They obtained two blood pressure readings from when the participants were between the ages of 30 to 40. This allowed them to determine if they had been hypertensive, transitioning to hypertensive or had normal blood pressure in young adulthood. 

MRI scans of the participants conducted between 2017 and 2022 allowed them to look for late-life neuroimaging biomarkers of neurodegeneration and white matter integrity.

A black and white graph representing cerebral gray matter volume with dots for men and women who are normal in positive numbers and dots for men and women who are hypertensive or transitioning to hypertensive in negative numbers on the graph.
A significant reduction in cerebral gray matter volume is seen in both men and women with hypertension but is stronger in men. 


Compared to participants with normal blood pressure, the brain scans of those transitioning to high blood pressure or with high blood pressure showed lower cerebral gray matter volume, frontal cortex volume and fractional anisotropy (a measure of brain connectivity). The scores for men with high blood pressure were lower than those for women.

A formal headshot of a woman with blond hair wearing a dark blazer and a bright blue shirt.
This study truly demonstrates the importance of early life risk factors and that to age well, you need to take care of yourself throughout life — heart health is brain health."Rachel Whitmer, professor, departments of Public Health Sciences and Neurology

The study joins a growing body of evidence that cardiovascular risk factors in young adulthood are detrimental to late-life brain health.

The researchers note that due to the sample size, they could not examine racial and ethnic differences and recommended interpreting results regarding sex differences with caution. They also note that the MRI data was only available from one time-point late in life. This can only determine physical properties like volumetric differences, not specific evidence of neurodegeneration over time.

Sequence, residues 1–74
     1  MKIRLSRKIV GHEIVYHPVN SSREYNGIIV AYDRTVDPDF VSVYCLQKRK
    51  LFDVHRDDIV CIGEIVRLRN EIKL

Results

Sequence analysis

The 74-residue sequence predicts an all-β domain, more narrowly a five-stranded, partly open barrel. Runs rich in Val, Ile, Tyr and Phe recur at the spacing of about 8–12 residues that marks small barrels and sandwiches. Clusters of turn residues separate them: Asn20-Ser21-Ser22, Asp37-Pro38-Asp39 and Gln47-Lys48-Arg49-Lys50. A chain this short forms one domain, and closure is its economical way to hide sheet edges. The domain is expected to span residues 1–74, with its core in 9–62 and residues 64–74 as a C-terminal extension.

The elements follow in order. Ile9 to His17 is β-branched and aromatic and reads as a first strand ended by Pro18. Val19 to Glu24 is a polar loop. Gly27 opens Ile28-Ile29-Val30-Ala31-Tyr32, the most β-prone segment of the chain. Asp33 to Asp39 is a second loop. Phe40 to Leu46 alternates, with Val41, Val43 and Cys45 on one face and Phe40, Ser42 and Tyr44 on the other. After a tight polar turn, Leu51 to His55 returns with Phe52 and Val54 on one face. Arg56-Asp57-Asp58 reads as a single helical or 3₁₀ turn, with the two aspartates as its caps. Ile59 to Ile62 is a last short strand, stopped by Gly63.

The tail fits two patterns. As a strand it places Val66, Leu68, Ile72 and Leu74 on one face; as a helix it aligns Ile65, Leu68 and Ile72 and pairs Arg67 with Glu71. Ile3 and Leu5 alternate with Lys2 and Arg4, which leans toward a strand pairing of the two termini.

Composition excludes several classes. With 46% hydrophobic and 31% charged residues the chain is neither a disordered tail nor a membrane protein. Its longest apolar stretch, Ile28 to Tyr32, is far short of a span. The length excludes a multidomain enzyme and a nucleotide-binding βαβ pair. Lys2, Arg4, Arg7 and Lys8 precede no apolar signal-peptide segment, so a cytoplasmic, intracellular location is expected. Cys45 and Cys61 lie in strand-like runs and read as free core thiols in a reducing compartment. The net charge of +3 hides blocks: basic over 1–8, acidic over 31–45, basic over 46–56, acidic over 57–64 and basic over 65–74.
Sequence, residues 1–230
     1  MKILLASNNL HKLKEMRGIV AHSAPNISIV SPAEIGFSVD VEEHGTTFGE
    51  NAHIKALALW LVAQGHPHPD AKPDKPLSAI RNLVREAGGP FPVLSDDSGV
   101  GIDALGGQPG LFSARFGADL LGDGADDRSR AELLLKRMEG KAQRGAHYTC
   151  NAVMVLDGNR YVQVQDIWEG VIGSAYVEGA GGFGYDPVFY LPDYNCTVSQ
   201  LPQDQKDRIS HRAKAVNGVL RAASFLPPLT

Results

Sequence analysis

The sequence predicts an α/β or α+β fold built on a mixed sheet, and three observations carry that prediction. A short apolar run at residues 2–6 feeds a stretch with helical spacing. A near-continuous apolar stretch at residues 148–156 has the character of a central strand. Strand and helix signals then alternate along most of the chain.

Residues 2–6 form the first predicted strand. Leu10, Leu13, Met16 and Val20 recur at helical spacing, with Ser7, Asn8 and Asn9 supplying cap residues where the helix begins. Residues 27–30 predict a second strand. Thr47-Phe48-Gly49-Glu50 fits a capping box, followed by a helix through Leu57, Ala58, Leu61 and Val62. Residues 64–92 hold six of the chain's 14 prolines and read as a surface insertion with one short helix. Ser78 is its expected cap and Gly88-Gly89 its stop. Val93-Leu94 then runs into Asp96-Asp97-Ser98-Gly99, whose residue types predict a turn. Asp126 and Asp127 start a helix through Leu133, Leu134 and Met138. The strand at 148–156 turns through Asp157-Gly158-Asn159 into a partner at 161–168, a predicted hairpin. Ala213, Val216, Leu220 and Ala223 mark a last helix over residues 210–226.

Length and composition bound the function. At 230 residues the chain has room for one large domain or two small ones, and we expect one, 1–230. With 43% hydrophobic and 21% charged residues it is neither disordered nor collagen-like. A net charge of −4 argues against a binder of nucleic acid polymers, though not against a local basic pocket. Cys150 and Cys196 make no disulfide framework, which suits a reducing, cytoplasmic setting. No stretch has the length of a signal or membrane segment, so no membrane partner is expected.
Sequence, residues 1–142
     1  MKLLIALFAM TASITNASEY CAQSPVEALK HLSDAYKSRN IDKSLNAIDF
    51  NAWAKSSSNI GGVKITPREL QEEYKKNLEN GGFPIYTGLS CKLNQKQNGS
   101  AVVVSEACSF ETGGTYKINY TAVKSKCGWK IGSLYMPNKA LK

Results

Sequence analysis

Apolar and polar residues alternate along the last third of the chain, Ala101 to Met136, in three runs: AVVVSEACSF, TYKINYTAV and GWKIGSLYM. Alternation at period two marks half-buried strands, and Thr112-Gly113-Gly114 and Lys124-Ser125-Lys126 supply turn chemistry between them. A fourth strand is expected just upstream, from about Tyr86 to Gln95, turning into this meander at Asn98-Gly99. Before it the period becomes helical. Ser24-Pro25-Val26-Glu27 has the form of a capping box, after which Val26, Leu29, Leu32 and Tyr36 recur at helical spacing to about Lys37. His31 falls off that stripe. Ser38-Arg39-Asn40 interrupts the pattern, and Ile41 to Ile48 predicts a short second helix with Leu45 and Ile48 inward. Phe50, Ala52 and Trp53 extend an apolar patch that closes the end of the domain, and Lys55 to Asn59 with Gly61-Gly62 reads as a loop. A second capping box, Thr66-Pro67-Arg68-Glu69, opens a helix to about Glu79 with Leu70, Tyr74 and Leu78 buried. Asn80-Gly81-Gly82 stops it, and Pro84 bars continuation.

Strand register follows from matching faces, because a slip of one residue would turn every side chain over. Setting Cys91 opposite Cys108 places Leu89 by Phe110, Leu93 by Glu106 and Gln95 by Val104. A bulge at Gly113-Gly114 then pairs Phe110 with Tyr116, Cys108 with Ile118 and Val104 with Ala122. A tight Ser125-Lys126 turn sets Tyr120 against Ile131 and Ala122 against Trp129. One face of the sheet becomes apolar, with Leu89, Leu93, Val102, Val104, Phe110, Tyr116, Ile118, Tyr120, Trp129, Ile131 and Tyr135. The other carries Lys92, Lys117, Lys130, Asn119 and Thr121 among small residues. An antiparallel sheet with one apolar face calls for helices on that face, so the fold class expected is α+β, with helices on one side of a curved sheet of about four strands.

“This study truly demonstrates the importance of early life risk factors and that to age well, you need to take care of yourself throughout life — heart health is brain health,” said Rachel Whitmer, senior author of the study. Whitmer is a professor in the departments of Public Health Sciences and Neurology and chief of the Division of Epidemiology. She’s also the associate director of the UC Davis Alzheimer's Disease Center.  

“We are excited to be able to continue following these participants and to uncover more about what one can do in early life to set yourself up for healthy brain aging in late life,” Whitmer said. 

Additional authors of the study include Pauline Maillard, Evan Fletcher, Dan M. Mungas and Charles DeCarli, UC Davis; Paola Gilsanz, Kaiser Permanente Division of Research; Rachel L. Peterson, University of Montana, Missoula; Joseph Fong and Elizabeth Rose Mayeda from UCLA; L. Barnes from Rush Medical College; M. Maria Glymour from UCSF. 


Clinical Trials at UC Davis